Father of Us All?

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ILLUSTRATION FOR TIME BY C.F. PAYNE

In life, the creature probably resembled a chimpanzee more than anything else. It moved through a lakeside landscape of grasslands and forest searching for food, accompanied by small bands of its fellows, most likely, and keeping a sharp eye out for pythons, crocodiles and saber-toothed cats. This animal probably shared the forest with apes and monkeys and, like them, spent some time up in the trees. It may have walked upright, which apes rarely do for very long at a stretch. But at a casual glance, it would have seemed to our eyes like just another chimp.

In death, however, this creature has just sent shock waves through the world of science. After eight grueling years of hunting in the hot, wind-scoured desert of central Africa, an international team of researchers has uncovered one of the most sensational fossil finds in living memory: the well-preserved skull of a chimp-size animal, probably a male, that doesn't fit any known species. According to paleontologist Michel Brunet of the University of Poitiers in France, whose team reported the find in Nature last week, there is no way it could have been an ape of any kind. It was almost certainly a hominid — a member of a subdivision of the primate family whose only living representative is modern man. And it has left scientists gasping with astonishment for several reasons.


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To start with, it is nearly 7 million years old — a million years more ancient than the previous record holder. Indeed, this new species is as much older than the famous Lucy as Lucy is older than we are. It almost certainly dates from very near that crucial moment in prehistory when hominids began to tread an evolutionary path that diverged from that of chimps, our closest living relatives. Even more surprising, this ancient hominid was not discovered anywhere near the Great Rift Valley of East Africa, where all the record setters of the past three decades have been found. Instead, it turned up in the sub-Saharan Sahel region of Chad, more than 1,500 miles to the west, forcing a rethinking of the conventional wisdom about where humans arose.

Beyond that, the animal's habitat may cast further doubt on the already beleaguered notion that our ancestors first emerged on a treeless savanna. It now looks as though this pivotal event happened in a setting that was at least partly wooded. Most remarkable of all, though, is the skull itself. The creature, known formally as Sahelanthropus tchadensis (roughly translated "Sahel hominid from Chad") and informally as Toumai ("hope of life," in the local Goran language), has a mix of apelike and hominid features. And to some paleontologists, the hominid features, especially the face, are a lot more modern-looking than anyone would have expected at so early an evolutionary stage. "A hominid of this age," writes Bernard Wood of George Washington University, in a commentary accompanying the Nature articles, "...should certainly not have the face of a hominid less than one-third of its geological age."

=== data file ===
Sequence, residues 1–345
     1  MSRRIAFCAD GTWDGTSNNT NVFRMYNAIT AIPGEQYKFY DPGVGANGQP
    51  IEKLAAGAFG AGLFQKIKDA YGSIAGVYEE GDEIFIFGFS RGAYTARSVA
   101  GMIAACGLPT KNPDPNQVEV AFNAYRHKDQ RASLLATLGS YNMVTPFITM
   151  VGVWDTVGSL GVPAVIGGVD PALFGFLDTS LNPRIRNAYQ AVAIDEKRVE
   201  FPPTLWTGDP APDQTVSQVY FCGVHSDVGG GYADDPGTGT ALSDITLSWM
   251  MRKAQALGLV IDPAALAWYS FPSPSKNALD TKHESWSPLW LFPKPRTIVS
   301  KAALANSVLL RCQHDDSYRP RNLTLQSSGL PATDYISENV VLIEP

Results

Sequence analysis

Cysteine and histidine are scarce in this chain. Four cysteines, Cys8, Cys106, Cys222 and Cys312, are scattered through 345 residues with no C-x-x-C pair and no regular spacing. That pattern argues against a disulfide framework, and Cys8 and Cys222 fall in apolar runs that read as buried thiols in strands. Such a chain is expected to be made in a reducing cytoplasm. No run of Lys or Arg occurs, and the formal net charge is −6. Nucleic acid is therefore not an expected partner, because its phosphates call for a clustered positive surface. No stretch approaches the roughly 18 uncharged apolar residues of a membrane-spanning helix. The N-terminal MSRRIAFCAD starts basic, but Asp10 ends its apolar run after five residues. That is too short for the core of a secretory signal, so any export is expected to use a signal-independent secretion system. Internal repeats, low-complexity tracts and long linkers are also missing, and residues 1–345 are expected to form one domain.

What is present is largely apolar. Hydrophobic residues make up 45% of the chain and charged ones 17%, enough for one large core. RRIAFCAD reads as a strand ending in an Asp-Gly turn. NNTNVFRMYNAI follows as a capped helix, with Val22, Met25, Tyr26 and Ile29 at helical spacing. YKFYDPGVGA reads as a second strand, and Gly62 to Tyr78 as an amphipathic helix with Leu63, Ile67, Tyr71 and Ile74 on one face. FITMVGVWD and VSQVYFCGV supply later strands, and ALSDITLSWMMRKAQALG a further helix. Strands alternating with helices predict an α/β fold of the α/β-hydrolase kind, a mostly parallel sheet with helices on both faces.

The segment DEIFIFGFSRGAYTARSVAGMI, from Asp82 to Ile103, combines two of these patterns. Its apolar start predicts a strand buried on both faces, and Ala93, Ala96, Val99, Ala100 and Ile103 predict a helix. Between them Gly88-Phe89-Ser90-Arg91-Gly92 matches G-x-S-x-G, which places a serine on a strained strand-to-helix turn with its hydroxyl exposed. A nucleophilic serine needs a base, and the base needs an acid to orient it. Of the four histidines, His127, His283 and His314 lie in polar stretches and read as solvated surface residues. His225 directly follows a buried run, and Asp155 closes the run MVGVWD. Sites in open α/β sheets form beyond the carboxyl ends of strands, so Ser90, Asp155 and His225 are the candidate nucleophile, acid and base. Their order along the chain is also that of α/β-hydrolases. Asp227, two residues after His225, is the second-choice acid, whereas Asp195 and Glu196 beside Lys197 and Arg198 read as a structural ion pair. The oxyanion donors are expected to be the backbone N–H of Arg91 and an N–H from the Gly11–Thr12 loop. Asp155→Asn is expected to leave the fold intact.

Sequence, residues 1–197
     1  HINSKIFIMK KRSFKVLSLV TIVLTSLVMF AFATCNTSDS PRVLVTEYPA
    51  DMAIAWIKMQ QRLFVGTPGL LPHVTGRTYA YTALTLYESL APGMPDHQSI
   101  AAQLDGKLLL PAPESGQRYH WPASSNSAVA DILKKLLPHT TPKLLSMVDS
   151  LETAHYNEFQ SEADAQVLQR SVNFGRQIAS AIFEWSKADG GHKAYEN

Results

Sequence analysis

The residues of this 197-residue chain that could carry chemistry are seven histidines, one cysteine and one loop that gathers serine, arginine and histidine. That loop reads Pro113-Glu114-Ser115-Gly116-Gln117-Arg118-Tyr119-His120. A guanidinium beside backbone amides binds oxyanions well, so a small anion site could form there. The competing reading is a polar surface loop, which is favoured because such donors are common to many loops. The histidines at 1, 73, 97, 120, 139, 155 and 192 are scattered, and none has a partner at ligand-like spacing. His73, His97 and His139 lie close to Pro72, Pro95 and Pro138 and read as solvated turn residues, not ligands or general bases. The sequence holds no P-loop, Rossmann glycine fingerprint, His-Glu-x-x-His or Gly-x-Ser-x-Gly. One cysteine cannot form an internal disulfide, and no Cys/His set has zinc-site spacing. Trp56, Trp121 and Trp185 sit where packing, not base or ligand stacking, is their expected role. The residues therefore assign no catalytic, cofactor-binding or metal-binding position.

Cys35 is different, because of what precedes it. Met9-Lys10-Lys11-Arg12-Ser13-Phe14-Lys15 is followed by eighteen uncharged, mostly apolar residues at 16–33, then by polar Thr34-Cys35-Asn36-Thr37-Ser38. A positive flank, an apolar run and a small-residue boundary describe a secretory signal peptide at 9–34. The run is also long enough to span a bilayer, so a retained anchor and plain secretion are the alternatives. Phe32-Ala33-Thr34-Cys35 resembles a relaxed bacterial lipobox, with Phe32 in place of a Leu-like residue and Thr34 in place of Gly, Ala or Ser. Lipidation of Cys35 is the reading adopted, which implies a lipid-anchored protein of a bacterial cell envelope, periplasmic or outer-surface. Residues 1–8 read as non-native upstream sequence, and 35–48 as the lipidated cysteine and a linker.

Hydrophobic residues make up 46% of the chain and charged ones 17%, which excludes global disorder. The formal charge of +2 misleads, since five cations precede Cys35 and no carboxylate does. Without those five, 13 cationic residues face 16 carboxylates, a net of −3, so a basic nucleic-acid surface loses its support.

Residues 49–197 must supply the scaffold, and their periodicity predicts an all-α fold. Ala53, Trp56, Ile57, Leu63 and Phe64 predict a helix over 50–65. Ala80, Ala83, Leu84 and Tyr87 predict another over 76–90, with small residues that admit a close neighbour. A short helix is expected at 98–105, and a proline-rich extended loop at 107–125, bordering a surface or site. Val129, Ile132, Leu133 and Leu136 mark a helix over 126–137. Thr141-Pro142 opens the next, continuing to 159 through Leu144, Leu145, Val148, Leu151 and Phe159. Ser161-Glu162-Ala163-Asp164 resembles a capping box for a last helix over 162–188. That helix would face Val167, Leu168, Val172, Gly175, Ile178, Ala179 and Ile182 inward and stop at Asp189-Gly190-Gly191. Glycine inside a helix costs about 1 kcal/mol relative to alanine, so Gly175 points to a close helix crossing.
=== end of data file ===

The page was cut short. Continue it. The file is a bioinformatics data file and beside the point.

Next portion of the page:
Paleontologists are scrambling to digest the implications of this remarkable find. It may simply be that the discovery fills in the evolutionary sequence — the so-called family tree — that leads to modern humans. But some argue that the new fossil might represent something far more revolutionary. It could entirely demolish the idea of a tree, replacing it with something more akin to a thick, bristly bush. Many scientists now believe that the emergence of humans may not have been the neat succession of increasingly modern-looking ancestors suggested by conventional hominid family trees but rather an evolutionary brawl, with multiple species fighting for survival — and the survival of their gene pool — at just about every point in prehistory. No matter what the answer, says Daniel Lieberman, a biological anthropologist from Harvard, "this is one of the most important fossil discoveries in the past 100 years."

Given the harsh conditions that exist today at the excavation site, a place called Toros-Menalla, it's a wonder that the fossil was found at all. This brutally hot, dune-spattered landscape lies in the middle of the Djurab Desert, about four days' drive north of N'Djamena, the capital of Chad. Rusting pieces of battle tanks are scattered all about, leftovers from 30 years of civil unrest. Windstorms blow up frequently, sandblasting everything in sight — including the scientists, who have to seek refuge inside their tents for days at a time. "They really are the most unimaginable field conditions," says Harvard paleontologist David Pilbeam, who has worked with Brunet.

Dozens of spectacular fossils of human ancestors had previously been discovered in the Great Rift Valley, part of which slices from the Red Sea through Ethiopia, Kenya, Uganda and Tanzania, but Brunet had reasons to suspect that Chad could also be fruitful. For one thing, the area around Lake Chad had already yielded a rich trove of primitive vertebrate fossils. For another, he knew that the Rift Valley's paleontological track record did not actually prove that humanity had arisen only there. And there was a nice practical advantage as well. As a Frenchman, Brunet was especially well equipped by language and history to work in a former French imperial outpost like Chad.

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